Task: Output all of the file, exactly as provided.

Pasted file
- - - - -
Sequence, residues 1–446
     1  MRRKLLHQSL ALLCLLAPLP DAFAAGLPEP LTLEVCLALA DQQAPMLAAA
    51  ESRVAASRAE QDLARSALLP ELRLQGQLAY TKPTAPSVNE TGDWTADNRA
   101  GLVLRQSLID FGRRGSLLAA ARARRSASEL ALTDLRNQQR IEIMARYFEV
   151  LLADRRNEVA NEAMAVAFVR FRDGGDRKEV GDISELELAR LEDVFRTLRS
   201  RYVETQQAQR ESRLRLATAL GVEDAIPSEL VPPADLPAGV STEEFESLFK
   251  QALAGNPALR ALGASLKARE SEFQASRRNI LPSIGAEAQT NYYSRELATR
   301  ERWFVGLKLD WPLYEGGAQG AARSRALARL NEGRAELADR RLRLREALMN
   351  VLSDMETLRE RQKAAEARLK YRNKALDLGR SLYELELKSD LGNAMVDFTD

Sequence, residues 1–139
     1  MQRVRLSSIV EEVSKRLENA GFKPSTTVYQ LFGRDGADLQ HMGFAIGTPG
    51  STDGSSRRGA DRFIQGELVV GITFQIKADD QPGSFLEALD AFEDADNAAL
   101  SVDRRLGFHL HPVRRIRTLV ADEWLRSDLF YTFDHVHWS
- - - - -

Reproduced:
Sequence, residues 1–446
     1  MRRKLLHQSL ALLCLLAPLP DAFAAGLPEP LTLEVCLALA DQQAPMLAAA
    51  ESRVAASRAE QDLARSALLP ELRLQGQLAY TKPTAPSVNE TGDWTADNRA
   101  GLVLRQSLID FGRRGSLLAA ARARRSASEL ALTDLRNQQR IEIMARYFEV
   151  LLADRRNEVA NEAMAVAFVR FRDGGDRKEV GDISELELAR LEDVFRTLRS
   201  RYVETQQAQR ESRLRLATAL GVEDAIPSEL VPPADLPAGV STEEFESLFK
   251  QALAGNPALR ALGASLKARE SEFQASRRNI LPSIGAEAQT NYYSRELATR
   301  ERWFVGLKLD WPLYEGGAQG AARSRALARL NEGRAELADR RLRLREALMN
   351  VLSDMETLRE RQKAAEARLK YRNKALDLGR SLYELELKSD LGNAMVDFTD

Sequence, residues 1–139
     1  MQRVRLSSIV EEVSKRLENA GFKPSTTVYQ LFGRDGADLQ HMGFAIGTPG
    51  STDGSSRRGA DRFIQGELVV GITFQIKADD QPGSFLEALD AFEDADNAAL
   101  SVDRRLGFHL HPVRRIRTLV ADEWLRSDLF YTFDHVHWS